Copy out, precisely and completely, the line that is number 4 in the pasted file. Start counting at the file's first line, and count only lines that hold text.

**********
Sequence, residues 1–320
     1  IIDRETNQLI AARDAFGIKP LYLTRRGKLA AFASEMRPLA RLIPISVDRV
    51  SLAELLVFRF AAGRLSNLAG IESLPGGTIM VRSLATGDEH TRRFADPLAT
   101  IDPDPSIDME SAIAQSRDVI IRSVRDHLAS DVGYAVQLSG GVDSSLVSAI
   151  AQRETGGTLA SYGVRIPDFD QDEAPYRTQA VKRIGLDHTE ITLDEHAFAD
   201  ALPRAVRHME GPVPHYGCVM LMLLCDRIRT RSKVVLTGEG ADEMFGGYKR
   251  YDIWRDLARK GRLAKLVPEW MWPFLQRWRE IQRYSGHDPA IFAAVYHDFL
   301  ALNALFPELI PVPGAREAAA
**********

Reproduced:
   101  IDPDPSIDME SAIAQSRDVI IRSVRDHLAS DVGYAVQLSG GVDSSLVSAI